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Alfalfa doesn’t need fall potassium fertilizer application to aid winter hardiness in Minnesota, research shows

Alfalfa fall potassium fertilizer winter hardiness Minnesota
Image credit: Paul McDivitt/University of Minnesota Extension

Alfalfa growers in Minnesota typically apply potassium (K) fertilizer twice each year: once during the growing season and once in the fall to promote overwintering. However, recent research by the University of Minnesota indicates that a second, fall K application has no effect on alfalfa’s winter hardiness.

The data show no difference between spring alfalfa stands that received a fall K application and those that did not. This contrasts with older information and common knowledge prevalent today.

The researchers attribute their findings to two likely factors:
  1. Modern alfalfa varieties have been bred for greater winter hardiness, so they don’t need as much K for overwintering as past varieties.
  2. Previous research showing a benefit from fall K application was likely done on soils with much lower K levels than we have today. 
They recommend testing soils and applying potash once during the growing season at recommended rates.

The university also provides an alfalfa calculator to help farmers pick optimal phosphorus and potassium application rates.

Potassium is thought to help plants such as alfalfa resist diseases and aid in overwintering in cold environments, according to Craig Sheaffer, a professor in the Department of Agronomy and Plant Genetics and lead researcher on the study.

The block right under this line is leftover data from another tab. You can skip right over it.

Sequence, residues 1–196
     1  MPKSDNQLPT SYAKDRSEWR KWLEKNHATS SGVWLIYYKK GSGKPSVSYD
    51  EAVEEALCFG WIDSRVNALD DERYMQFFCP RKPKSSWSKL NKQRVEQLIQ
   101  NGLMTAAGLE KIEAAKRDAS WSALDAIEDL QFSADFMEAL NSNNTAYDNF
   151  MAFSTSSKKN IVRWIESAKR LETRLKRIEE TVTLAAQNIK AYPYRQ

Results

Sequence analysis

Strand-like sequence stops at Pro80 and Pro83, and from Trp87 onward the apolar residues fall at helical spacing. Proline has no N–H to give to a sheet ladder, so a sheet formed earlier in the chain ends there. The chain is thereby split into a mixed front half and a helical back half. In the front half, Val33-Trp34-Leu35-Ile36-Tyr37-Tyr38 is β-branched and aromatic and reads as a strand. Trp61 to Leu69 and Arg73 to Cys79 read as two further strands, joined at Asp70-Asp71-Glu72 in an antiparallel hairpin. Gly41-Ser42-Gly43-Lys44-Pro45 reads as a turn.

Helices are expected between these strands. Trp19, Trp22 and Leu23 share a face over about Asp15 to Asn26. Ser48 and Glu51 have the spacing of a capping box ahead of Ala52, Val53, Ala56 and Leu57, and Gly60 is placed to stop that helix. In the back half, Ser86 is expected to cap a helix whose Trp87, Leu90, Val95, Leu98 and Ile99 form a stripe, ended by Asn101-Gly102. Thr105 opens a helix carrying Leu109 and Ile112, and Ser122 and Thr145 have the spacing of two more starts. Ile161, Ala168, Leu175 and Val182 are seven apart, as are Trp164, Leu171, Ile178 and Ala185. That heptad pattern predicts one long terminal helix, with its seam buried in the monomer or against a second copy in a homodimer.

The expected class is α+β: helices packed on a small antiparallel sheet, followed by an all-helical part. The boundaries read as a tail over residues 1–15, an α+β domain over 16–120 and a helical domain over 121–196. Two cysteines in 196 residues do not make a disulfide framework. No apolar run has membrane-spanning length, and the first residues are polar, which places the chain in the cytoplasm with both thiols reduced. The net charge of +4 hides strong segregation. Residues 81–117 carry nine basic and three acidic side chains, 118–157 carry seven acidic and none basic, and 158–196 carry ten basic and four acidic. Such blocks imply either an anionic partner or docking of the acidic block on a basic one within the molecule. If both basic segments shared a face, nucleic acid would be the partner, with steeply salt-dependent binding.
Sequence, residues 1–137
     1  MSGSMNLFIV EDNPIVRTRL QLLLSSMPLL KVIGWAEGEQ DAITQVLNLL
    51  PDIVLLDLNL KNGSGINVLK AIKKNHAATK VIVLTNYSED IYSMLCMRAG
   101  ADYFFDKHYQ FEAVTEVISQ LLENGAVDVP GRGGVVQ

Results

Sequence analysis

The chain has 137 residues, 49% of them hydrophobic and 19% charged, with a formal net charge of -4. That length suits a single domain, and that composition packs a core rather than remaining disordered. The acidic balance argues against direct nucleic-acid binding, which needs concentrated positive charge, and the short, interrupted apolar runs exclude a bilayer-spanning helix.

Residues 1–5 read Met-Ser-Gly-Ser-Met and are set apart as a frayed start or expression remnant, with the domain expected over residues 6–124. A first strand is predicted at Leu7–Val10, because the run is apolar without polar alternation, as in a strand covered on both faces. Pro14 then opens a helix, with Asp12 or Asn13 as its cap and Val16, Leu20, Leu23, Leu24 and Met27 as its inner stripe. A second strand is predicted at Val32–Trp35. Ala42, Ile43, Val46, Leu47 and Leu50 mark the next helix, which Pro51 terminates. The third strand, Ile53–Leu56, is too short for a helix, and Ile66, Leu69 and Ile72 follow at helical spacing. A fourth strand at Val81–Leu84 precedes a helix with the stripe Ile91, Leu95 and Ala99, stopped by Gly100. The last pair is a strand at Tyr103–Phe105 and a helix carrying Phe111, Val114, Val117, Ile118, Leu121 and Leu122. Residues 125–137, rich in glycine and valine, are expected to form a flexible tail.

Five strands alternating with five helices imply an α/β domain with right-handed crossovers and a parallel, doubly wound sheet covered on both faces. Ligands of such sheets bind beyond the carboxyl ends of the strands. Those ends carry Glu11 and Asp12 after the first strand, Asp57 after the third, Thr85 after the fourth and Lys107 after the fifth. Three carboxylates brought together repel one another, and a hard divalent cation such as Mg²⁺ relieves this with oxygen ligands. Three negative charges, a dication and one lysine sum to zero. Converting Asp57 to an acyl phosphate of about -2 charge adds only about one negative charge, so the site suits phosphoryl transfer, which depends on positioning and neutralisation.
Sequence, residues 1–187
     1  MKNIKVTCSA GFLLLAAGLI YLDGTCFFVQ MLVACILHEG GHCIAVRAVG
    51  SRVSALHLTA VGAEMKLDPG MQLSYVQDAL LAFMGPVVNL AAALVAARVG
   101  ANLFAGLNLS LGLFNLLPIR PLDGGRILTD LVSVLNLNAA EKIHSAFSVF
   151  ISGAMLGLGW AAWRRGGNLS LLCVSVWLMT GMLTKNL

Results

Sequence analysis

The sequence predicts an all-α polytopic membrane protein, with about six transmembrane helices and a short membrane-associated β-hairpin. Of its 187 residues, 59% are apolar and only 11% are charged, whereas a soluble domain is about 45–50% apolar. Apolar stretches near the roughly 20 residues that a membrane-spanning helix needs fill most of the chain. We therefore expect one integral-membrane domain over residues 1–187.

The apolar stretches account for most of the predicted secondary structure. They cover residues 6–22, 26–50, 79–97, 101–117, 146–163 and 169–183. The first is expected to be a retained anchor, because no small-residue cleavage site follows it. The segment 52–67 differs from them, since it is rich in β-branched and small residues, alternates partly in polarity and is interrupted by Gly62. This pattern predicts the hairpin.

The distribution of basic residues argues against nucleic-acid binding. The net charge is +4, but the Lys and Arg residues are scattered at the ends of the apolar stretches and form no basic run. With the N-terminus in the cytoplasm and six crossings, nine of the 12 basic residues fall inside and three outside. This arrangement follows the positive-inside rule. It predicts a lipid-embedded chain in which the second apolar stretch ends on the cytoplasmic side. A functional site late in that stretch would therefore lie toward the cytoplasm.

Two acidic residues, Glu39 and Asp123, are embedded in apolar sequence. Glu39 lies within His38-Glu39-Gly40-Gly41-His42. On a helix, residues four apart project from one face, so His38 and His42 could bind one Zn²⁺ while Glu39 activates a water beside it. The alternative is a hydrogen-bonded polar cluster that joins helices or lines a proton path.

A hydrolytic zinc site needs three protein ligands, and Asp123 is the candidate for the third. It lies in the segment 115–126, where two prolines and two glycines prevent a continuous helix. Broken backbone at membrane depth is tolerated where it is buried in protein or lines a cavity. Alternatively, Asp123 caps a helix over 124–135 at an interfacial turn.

Soil testing and K application are especially important for newly-seeded alfalfa and younger stands.

Another reason to avoid fall K application is the greater potential for loss via leaching in sandy soils and surface runoff on other soil types.

“With the current economic situation, nobody wants to spend money on fertilizer and lose it to leaching and runoff,” says Dan Kaiser, Extension soil fertility specialist, who participated in the research.

Sheaffer and Kaiser do not recommend K application based solely on crop removal or fertilizing with a goal of maintaining soil K tests above current critical levels (160-200 ppm). This can result in over-fertilization.

Potassium can be taken up by plants in excess, so applying more potassium fertilizer than the crop needs will result in “luxury uptake,” nutrient removal from the soil without increasing yields. 

“You can’t ‘bank’ potassium, so overapplying means a lower return on investment,” Kaiser says. And feeding lactating dairy cows forage with K concentrations greater than 2% can predispose some cows to milk fever, a disease that causes weakness and sometimes death.

The research was conducted at four locations in Minnesota from 2011 to 2014, which included some severely cold winters. The four sites were located near Becker, Rosemount, Lake City, and St. Martin. They experimented with five rates of K fertilizer and compared yield, nutritive value, and K tissue concentration, as well as soil K test values.

The study was funded by Minnesota’s Agricultural Fertilizer Research and Education Council (AFREC) and the Midwest Forage Association. It was published in the Agronomy Journal (paywall) and is available on the AFREC website.

Learn more about alfalfa and potassium in this recent Minnesota Crop News post.

A version of this article was originally published by The Farmer online on October 29, 2019, and will appear in the December 2019 print issue of The Farmer magazine.

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Support for this project was provided in part by the Agricultural Fertilizer Research & Education Council (AFREC).

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